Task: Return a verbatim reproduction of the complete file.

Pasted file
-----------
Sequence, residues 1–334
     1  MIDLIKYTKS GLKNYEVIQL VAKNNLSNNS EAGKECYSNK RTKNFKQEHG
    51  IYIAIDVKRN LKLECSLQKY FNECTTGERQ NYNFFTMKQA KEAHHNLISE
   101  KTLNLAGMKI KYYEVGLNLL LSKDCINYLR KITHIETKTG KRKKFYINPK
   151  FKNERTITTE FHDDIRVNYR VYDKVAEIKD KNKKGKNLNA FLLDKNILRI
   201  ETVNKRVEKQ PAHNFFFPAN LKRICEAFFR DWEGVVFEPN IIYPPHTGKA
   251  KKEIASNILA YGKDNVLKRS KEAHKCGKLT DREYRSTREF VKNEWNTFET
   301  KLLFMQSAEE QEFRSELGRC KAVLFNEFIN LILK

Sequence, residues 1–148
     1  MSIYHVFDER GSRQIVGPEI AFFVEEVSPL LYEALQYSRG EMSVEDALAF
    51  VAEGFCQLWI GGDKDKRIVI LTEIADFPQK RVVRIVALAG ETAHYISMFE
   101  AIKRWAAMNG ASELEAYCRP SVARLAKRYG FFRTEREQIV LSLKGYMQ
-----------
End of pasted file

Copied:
Sequence, residues 1–334
     1  MIDLIKYTKS GLKNYEVIQL VAKNNLSNNS EAGKECYSNK RTKNFKQEHG
    51  IYIAIDVKRN LKLECSLQKY FNECTTGERQ NYNFFTMKQA KEAHHNLISE
   101  KTLNLAGMKI KYYEVGLNLL LSKDCINYLR KITHIETKTG KRKKFYINPK
   151  FKNERTITTE FHDDIRVNYR VYDKVAEIKD KNKKGKNLNA FLLDKNILRI
   201  ETVNKRVEKQ PAHNFFFPAN LKRICEAFFR DWEGVVFEPN IIYPPHTGKA
   251  KKEIASNILA YGKDNVLKRS KEAHKCGKLT DREYRSTREF VKNEWNTFET
   301  KLLFMQSAEE QEFRSELGRC KAVLFNEFIN LILK

Sequence, residues 1–148
     1  MSIYHVFDER GSRQIVGPEI AFFVEEVSPL LYEALQYSRG EMSVEDALAF
    51  VAEGFCQLWI GGDKDKRIVI LTEIADFPQK RVVRIVALAG ETAHYISMFE
   101  AIKRWAAMNG ASELEAYCRP SVARLAKRYG FFRTEREQIV LSLKGYMQ